US oil production is unable to revive

US oil production is unable to revive

Despite the recent statement by the head of the US Federal Reserve, which fueled bearish sentiment, oil prices remain stable. According to a Fed official, the United States economy is expected to have contracted by 32.9% in the second quarter of 2020. 

On the other hand, the alarming rise in the coronavirus cases globally are increasing concerns in the market. Currently, Brent crude oil prices are holding within the range of $43-45. 

Generally, because of the fuel demand recovery, July oil prices have been much higher than their levels in June. Brent’s July average was $43.44 a barrel. Meanwhile, WTI averaged at $40.76 a barrel.  

 

Current oil prices are not high enough to restore US output

After 18 weeks of constant decline, we have seen the first rebound in the US drilling activity in the previous week. However, several oil drilling rigs declined again. 

Oil production in the US remains unchanged at 11.1 million barrels per day. The coronavirus outbreak poses a serious threat to the US oil industry. In the case of a second wave, things may worsen, and prices could continue to hold or drop in the third quarter of 2020. Oil and natural gas rigs in the US collapsed from around 800 at the end of 2019 to a record low of about 180. 

 

OPEC and its allies raised their oil production

The organization of the Petroleum Exporting Countries increased its production by 1 million barrels per day in July. The group and its allies reduced their production cuts and major gulf members ended their added voluntary reductions too.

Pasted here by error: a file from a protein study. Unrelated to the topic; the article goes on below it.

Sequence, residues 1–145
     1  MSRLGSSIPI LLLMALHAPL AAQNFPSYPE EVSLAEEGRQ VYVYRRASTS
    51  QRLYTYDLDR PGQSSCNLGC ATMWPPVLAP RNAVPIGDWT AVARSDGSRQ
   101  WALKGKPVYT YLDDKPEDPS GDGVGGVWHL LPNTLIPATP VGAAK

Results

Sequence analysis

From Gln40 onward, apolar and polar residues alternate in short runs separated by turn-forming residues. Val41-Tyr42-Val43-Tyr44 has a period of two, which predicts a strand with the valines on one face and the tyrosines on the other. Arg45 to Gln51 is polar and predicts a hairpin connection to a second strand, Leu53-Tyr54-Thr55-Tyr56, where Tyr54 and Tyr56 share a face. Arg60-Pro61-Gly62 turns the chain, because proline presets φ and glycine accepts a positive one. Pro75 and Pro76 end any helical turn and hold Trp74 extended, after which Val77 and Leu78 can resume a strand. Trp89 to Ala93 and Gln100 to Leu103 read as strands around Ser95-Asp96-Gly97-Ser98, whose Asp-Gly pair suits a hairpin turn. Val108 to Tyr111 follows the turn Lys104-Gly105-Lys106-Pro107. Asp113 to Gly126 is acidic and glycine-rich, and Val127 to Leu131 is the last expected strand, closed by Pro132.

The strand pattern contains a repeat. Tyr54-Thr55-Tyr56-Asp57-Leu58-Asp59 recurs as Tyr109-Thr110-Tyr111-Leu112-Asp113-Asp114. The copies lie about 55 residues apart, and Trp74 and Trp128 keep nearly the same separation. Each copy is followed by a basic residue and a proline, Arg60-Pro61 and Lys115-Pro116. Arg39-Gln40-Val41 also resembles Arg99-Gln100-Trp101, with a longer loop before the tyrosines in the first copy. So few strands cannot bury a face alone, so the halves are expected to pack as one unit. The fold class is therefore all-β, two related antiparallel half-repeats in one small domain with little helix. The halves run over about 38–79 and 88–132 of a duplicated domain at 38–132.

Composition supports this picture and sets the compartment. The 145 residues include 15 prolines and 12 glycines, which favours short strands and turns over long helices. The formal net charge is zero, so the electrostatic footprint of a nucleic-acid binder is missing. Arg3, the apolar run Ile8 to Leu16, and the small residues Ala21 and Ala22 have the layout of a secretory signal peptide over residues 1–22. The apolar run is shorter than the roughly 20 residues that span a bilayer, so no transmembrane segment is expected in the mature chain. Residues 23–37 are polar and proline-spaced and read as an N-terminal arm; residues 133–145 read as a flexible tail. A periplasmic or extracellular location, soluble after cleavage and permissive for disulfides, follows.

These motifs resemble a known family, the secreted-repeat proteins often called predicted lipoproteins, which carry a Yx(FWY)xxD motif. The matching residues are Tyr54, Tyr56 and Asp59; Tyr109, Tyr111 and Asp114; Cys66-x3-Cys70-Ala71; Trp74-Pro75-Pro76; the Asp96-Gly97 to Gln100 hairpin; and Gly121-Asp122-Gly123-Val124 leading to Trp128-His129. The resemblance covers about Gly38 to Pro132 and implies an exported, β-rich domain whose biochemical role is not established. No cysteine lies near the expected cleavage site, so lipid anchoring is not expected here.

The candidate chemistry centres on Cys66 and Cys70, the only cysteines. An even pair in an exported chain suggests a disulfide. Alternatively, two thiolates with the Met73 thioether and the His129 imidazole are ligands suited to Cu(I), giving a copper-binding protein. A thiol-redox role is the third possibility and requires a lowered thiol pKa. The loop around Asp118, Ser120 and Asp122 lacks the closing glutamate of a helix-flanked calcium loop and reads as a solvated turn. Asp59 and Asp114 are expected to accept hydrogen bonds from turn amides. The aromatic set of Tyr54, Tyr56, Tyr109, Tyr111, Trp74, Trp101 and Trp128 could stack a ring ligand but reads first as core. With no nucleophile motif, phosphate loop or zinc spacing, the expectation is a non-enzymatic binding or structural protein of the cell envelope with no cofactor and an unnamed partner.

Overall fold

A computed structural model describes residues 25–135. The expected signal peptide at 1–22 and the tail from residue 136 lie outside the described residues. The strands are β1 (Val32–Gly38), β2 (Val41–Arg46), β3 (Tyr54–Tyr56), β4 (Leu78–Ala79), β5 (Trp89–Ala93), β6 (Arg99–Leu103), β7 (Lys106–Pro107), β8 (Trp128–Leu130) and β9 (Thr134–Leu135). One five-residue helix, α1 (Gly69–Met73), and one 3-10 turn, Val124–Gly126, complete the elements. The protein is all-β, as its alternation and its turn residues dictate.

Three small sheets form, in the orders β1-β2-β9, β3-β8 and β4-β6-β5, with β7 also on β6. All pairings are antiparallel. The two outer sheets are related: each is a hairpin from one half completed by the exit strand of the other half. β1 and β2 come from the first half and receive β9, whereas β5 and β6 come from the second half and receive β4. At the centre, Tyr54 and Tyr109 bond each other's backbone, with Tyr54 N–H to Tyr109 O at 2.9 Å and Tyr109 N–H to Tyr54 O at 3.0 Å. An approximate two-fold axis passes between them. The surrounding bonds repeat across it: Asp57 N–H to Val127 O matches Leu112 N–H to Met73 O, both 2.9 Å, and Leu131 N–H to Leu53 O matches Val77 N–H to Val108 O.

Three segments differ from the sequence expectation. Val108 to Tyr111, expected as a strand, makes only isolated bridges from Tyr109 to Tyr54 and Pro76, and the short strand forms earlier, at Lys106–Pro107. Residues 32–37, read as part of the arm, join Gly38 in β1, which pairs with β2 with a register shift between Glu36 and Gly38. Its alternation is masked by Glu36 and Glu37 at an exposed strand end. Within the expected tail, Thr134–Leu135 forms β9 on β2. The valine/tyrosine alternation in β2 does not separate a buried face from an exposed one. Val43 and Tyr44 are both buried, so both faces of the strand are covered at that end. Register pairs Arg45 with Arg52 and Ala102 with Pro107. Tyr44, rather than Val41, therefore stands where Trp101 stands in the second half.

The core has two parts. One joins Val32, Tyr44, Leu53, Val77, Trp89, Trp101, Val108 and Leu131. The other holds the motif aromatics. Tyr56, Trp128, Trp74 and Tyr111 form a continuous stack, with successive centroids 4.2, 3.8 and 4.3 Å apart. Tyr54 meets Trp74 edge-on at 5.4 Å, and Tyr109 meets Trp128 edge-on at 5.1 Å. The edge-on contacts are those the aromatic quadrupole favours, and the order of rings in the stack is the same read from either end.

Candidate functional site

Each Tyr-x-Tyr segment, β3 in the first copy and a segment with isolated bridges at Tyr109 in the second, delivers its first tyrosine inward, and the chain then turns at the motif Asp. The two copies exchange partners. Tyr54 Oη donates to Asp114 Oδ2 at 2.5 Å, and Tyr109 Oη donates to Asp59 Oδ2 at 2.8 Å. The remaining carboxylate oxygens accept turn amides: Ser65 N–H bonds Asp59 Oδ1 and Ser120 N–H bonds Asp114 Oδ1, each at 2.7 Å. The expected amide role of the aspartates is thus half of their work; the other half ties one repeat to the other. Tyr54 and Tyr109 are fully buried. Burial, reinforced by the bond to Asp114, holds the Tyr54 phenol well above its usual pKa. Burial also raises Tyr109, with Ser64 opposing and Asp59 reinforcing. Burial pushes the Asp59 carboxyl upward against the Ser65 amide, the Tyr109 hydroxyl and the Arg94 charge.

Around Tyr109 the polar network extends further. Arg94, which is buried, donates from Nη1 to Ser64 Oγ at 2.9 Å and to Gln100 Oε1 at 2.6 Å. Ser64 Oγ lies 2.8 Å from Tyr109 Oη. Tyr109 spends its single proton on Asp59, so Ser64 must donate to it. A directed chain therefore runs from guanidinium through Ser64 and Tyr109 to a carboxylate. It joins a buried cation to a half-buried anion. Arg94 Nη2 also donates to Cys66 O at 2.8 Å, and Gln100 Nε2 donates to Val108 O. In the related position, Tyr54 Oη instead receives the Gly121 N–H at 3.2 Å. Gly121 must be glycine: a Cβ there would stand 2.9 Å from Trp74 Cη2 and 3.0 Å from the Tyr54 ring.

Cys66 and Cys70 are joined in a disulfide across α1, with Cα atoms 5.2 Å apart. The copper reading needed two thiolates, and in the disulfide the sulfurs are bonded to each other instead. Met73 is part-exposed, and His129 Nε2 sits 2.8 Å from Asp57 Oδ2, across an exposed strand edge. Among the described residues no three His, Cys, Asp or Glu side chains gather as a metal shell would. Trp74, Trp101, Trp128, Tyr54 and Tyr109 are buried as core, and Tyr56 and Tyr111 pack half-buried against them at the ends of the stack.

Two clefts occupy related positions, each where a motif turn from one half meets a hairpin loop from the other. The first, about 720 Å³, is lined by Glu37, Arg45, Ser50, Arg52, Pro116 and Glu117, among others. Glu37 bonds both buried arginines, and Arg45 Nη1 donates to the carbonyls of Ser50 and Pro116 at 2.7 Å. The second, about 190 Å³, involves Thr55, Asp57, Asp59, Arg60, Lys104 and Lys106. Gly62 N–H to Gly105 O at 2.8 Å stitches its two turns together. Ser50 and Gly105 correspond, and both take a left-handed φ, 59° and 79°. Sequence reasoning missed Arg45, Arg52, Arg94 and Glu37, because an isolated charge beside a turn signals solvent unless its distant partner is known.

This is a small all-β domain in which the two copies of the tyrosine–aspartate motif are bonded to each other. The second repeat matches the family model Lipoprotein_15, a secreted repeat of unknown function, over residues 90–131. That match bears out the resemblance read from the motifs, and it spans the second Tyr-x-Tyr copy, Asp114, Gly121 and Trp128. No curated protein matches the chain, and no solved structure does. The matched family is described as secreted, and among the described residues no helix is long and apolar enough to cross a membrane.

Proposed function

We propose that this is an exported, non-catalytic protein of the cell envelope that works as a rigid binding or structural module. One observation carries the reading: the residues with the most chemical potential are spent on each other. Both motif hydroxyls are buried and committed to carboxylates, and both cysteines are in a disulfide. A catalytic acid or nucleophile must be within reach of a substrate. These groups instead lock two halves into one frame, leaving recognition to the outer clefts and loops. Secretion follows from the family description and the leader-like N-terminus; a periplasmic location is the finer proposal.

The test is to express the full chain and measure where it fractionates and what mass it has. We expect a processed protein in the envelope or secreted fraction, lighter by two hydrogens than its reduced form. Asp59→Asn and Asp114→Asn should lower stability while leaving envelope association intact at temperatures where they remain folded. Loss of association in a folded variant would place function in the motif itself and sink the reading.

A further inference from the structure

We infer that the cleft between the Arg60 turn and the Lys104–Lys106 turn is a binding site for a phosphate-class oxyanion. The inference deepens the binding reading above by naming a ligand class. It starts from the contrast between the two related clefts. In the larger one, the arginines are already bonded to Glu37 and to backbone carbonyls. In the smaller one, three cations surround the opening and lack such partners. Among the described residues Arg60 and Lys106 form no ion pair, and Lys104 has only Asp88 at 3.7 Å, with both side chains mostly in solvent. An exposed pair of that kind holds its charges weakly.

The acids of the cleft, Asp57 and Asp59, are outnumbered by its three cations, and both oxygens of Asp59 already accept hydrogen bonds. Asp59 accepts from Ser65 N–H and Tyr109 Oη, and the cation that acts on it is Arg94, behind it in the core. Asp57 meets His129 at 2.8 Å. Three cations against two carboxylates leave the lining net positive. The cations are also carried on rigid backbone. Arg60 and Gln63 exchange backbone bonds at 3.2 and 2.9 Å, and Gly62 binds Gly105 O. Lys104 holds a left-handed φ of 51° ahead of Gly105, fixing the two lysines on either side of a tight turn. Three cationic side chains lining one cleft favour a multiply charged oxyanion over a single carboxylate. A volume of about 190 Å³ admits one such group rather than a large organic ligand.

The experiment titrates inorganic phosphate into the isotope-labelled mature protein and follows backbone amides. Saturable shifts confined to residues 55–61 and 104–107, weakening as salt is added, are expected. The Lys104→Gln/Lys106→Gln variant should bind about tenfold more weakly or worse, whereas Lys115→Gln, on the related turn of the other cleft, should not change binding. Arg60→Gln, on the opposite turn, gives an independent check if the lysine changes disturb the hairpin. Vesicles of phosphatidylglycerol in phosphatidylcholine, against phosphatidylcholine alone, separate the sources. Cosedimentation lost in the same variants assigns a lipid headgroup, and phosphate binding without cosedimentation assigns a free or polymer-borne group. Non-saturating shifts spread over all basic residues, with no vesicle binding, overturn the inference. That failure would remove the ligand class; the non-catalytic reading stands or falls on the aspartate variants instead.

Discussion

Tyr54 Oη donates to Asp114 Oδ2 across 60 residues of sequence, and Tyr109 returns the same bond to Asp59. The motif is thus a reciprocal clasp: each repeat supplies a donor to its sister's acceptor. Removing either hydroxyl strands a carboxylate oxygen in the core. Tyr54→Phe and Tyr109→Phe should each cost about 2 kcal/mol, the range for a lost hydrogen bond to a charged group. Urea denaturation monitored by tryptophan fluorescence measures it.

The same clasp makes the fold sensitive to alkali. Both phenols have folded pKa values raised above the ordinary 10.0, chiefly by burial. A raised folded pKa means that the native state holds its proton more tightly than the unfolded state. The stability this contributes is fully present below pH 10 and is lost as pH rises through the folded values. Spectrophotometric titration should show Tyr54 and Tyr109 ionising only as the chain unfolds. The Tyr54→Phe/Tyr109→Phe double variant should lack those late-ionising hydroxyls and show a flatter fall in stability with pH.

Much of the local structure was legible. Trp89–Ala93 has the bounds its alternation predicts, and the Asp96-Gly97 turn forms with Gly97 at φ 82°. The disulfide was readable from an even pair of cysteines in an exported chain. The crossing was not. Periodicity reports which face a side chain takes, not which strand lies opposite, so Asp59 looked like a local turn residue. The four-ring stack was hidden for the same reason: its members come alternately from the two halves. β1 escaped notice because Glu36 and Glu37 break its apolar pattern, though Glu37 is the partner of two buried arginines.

OPEC’s oil output for July averaged 23.32 million barrels per day. It is over 900,000 barrels more compared to June when the cartel’s production hit its lowest level in twenty years. 

Analysts warn that OPEC raising production could be ill-timed since demand may decline anytime soon. It may lead to another supply excess hitting the market. 

Even though global oil demand exceeded supply by 2 million barrels a day in June, storage may still be a concern. 

Royal Vopak, the world’s leading independent tank storage company, warns that it is running out of available space for storage. In addition, the company predicts that supply may excel demand by 700,000 million BPD in August and 2 million BPD in September.

Oil demand significantly depends on the coronavirus vaccine. Analysts think that the second wave of the pandemic is inevitable. If supply exceeds demand, because of the reduced economic activity worldwide, OPEC and its allies may need to consider further production cuts.

 

COVID-19 cases rise again in the US and Europe

Several European countries have reported a rise in the coronavirus cases, especially among young people. It sparked fears of a resurgence of the pandemic. Other countries like Israel, Japan, and Australia, appeared to have curbed the initial outbreak. However, they are experiencing cases rise again. 

In recent weeks, the US has seen record numbers of new infections. The death toll exceeded 150.000, which is almost a quarter of the reported deaths by the disease globally. 

 

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